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When you feel vulnerable, anxious, how does it impact your self image.
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Sit down and review how your self image inflates and deflates with external stimulus and then internal judgment about our self image.
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Know this pattern, know the self image can be complete, full, content, and happy everyday.
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It is plastic remember, pliable.
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Starts with awareness, then acceptance, then action in the face of unworthiness.
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Find another gear!

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Life is like a ten-speed bicycle.
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Most of us have gears we never use.
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-Charles Schulz-
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Those gears become available when we let go enough.
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Risking Your Life without a Second Thought: Intuitive Decision-Making and Extreme Altruism

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“When faced with the chance to help someone in mortal danger, what is our first response?
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Do we leap into action, only later considering the risks to ourselves?
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Or must instinctive self-preservation be overcome by will-power in order to act?
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We investigate this question by examining the testimony of Carnegie Hero Medal Recipients (CHMRs), extreme altruists who risked their lives to save others. We collected published interviews with CHMRs where they described their decisions to help.
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We then had participants rate the intuitiveness versus deliberativeness of the decision-making process described in each CHMR statement.
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The statements were judged to be overwhelmingly dominated by intuition; to be significantly more intuitive than a set of control statements describing deliberative decision-making; and to not differ significantly from a set of intuitive control statements.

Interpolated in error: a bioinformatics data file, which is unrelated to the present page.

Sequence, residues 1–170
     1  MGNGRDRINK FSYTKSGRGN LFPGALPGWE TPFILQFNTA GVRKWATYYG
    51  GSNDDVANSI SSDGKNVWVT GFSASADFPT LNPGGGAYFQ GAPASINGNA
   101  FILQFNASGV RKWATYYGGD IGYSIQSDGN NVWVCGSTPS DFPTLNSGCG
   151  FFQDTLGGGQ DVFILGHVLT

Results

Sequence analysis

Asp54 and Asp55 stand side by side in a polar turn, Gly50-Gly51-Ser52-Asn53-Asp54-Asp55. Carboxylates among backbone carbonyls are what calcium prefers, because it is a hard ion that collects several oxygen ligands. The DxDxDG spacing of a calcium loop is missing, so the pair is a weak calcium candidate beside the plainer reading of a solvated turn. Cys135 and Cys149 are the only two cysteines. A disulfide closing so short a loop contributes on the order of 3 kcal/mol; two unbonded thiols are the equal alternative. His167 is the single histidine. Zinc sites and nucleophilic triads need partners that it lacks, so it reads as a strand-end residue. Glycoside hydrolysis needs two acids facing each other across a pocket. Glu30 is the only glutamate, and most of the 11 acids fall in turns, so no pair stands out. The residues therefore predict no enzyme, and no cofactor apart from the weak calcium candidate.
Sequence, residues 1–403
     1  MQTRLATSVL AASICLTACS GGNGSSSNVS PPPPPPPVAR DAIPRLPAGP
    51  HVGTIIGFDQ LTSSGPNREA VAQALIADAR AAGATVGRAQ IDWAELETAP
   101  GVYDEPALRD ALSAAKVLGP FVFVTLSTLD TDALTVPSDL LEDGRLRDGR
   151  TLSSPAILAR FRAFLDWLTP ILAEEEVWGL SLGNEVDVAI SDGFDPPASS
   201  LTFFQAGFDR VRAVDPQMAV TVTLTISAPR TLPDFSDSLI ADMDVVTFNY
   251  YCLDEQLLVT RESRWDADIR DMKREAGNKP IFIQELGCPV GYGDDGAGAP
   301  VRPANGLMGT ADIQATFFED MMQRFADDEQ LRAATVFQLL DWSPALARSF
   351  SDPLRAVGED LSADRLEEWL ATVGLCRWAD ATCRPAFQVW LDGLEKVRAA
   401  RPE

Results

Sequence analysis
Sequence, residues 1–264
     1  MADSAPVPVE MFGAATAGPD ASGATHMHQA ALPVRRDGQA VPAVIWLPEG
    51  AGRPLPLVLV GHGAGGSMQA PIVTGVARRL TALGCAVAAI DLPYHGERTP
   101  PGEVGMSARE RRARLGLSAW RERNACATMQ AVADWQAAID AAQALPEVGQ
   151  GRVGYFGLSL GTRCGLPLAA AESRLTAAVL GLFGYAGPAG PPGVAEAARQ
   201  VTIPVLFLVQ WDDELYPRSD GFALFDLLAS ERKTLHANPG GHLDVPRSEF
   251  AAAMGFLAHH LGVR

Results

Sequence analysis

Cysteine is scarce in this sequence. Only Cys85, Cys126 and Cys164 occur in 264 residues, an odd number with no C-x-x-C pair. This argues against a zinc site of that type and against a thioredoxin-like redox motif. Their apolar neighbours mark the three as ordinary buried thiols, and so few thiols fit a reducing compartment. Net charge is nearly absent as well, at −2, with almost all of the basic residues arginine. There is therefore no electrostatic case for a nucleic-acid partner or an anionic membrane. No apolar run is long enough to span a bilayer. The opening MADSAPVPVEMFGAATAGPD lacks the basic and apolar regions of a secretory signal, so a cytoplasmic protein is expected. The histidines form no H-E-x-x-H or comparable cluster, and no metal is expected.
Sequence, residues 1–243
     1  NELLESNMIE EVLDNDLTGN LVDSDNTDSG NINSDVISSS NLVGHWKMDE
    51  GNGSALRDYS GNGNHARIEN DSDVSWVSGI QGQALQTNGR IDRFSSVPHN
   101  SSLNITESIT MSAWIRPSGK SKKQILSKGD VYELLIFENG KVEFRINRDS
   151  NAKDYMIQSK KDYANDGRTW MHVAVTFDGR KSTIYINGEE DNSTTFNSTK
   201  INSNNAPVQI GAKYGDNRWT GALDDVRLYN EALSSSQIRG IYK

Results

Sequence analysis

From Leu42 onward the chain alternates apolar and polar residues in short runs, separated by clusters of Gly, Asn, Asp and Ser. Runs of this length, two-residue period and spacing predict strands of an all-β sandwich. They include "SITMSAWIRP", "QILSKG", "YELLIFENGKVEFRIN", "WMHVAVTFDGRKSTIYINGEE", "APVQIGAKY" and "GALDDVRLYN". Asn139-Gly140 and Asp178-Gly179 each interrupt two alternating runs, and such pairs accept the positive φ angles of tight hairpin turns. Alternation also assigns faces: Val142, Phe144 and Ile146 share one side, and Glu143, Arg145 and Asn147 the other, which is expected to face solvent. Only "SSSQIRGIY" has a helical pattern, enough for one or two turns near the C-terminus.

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This remained true when restricting to scenarios in which the CHMRs had sufficient time to reflect before acting if they had so chosen.
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Text-analysis software found similar results. These findings suggest that high-stakes extreme altruism may be largely motivated by automatic, intuitive processes.”
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“Risking Your Life without a Second Thought: Intuitive Decision-Making and Extreme Altruism” by David G. Rand and Ziv G. Epstein in PLOS ONE, October 15 2014 doi:10.1371/journal.pone.0109687
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Letting go of thought daily has similar miraculous benefits for us!
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A viewers response on letting go: .. … …. ..letting go of judgement is the biggest though, especially self judgement

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With an average of 60,000 thoughts a day passing through our noggin, a maximum of 123 a second under stress, so letting go seems more important, more pertinent, than personal achievement or glory.
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Our goal is to let go enough, to get below this chatter, all this distraction, all this robbing of life and eventually happiness.
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Yes, letting go is a big theme, a direction to covet, pursue, enjoy.
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Letting go takes no extra time, actually it grants us time to be aware, to be able to pursue happiness after healing.